Second, the link you provided shows that the amplifies are not 4ohm stable when using both channels in stereo.

Working voltage: 10~26V, Max output: 2 x 50W (left and right channels)/8ohm, single channel BTL power 100W/4ohm

These specs show that when using the chennels individually they are 8ohm stable. If you bridge the amplifier the it will sustain a single output that is 4ohm stable. (Bridging is only available on certain amplifiers, it is when the positive of one channel is connected to the negative of the other channel across a speaker. The amplifier is designed so that one channel drives the speaker normally through the positive terminal. The second channel drives the speaker with an inverted waveform but through the negative terminal.)

There are several problems with calculating amplifier power.

First, using DC for the calculation gives a wide ballpark. This is because the calculation is like connecting the input source directly across the speaker. In reality the speaker is driven by AC and will only see maximum input power at the greatest volume and for only the peak of a sine wave.

Second, sound is not a pure sine wave. It contains different frequencies and harmonics between 20Hz and 20kHz with varying amplitudes. This means that using calculations for RMS (pure sinewaves) is also not practical.

Third, speakers are an inductive load. This further complicates the power calculation because the speaker induces reactive power.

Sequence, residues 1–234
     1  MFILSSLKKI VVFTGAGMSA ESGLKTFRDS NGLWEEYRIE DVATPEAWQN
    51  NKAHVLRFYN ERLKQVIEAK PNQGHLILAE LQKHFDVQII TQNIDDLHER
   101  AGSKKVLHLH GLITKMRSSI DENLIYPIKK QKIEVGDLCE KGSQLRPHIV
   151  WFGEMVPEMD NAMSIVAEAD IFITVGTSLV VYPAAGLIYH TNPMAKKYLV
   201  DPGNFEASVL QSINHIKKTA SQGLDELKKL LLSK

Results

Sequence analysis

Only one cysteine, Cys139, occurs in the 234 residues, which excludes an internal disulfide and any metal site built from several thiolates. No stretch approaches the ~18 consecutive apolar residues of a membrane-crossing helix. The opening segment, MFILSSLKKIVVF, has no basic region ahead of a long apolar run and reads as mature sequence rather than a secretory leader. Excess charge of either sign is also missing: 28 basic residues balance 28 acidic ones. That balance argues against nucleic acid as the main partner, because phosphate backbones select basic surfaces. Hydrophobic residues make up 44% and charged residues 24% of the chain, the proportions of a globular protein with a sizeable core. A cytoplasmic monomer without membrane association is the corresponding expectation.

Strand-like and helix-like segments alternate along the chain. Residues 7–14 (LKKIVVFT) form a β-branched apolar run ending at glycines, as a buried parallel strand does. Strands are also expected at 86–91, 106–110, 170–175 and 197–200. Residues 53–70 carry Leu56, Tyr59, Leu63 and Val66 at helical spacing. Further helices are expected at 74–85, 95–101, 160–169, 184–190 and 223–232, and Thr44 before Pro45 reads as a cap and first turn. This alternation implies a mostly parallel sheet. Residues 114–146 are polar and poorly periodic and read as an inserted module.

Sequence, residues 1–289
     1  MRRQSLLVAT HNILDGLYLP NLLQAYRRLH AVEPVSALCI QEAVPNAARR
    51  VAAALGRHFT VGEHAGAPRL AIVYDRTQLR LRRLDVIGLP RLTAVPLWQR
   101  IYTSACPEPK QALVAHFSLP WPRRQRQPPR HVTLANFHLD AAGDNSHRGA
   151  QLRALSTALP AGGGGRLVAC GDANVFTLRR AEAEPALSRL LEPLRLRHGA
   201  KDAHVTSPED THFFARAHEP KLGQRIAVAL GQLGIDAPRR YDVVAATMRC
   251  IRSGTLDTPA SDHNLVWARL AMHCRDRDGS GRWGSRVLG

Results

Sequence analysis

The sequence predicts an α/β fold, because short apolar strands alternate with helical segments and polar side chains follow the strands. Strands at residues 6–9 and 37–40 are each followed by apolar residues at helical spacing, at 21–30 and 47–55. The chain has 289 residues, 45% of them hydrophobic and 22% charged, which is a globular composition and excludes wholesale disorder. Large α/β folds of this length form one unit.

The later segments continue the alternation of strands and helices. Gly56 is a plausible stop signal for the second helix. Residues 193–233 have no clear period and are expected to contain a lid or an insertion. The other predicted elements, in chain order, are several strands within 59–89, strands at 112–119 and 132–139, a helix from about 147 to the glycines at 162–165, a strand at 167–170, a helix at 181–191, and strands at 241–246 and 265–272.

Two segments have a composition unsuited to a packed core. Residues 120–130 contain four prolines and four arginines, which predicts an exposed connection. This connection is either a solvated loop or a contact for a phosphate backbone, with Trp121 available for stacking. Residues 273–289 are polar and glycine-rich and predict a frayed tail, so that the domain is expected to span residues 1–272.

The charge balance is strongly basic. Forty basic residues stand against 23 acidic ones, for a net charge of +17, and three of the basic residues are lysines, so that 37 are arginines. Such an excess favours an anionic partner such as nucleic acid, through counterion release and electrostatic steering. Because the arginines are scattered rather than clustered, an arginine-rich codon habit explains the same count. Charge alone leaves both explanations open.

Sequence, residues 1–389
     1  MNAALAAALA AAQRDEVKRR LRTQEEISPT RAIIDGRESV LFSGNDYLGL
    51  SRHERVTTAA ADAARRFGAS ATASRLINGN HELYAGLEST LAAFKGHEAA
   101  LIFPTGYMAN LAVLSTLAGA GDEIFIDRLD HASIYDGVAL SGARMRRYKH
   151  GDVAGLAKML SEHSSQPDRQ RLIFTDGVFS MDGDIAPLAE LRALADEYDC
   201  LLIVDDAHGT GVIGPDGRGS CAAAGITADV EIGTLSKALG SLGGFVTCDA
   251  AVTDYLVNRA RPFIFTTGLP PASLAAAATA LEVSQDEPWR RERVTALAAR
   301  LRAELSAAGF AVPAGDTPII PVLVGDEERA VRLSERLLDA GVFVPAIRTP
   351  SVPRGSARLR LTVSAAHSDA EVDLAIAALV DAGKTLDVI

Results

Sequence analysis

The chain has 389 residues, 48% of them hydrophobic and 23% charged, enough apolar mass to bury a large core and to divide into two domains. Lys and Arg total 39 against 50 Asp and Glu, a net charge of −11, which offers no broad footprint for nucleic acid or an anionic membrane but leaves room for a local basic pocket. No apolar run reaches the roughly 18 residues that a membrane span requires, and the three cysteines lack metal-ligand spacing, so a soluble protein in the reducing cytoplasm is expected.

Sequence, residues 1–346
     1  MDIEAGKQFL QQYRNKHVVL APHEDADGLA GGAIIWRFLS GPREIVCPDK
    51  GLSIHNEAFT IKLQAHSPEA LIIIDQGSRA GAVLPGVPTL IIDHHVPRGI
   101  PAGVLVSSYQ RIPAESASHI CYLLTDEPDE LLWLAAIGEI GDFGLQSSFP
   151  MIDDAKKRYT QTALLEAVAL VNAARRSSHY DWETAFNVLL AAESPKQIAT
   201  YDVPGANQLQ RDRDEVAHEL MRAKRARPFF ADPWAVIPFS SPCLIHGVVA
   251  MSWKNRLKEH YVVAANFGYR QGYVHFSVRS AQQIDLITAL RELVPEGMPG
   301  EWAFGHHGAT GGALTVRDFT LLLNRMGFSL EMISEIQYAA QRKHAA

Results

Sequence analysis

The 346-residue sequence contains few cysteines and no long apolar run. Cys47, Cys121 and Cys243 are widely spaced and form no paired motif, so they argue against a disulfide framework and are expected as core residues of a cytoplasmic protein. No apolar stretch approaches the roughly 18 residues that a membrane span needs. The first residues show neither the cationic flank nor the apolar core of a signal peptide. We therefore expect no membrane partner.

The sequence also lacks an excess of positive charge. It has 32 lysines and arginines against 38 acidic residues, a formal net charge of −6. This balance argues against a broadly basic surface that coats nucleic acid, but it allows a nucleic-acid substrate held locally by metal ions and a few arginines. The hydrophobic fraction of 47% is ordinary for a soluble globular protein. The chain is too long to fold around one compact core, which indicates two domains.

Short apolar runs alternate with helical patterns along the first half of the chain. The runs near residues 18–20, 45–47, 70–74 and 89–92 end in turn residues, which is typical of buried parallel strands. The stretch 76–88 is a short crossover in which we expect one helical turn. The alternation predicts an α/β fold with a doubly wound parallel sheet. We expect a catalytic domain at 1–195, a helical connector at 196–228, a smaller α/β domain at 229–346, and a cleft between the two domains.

In reality they best bet is to match the RMS power of the amplifier as close as possible to the RMS power of the speaker. Then adjust the gain until you hear the speakers distort and turn the gain down a bit. If you can't match the amplifier and speakers closely a more powerful amplifier and weaker speaker is better.

In your comment you wonder if the amplifier would regulate the power down. They won't. I've just scratched at the list of what needs accounted for when preforming the calculation. There are many more that easily account for the dependency.

  • \$\begingroup\$ Oh, I was thinking that at 12V the whole board would get 36W and I would have to divide it by the number of channels. So now I've got another question: say I were to supply the linked board with 26V over 8ohms then that would give 84.5W per channel; does that mean the board would regulate the input to output no more than 50W? \$\endgroup\$
    – Pierino
    Jun 6, 2016 at 1:06
  • \$\begingroup\$ Additionally I just found another amplifier which appears to be more proper. link. Would this one work for both circuits? \$\endgroup\$
    – Pierino
    Jun 6, 2016 at 1:14
  • \$\begingroup\$ @Pierino I updated my answer. \$\endgroup\$
    – vini_i
    Jun 6, 2016 at 2:00
  • \$\begingroup\$ you've got bridge stability backwards, dual 8 ohm bridged is 16 \$\endgroup\$
    – Jasen
    Jun 6, 2016 at 5:58
  • \$\begingroup\$ There is no such thing as 'RMS power'. \$\endgroup\$
    – user207421
    Jun 6, 2016 at 13:17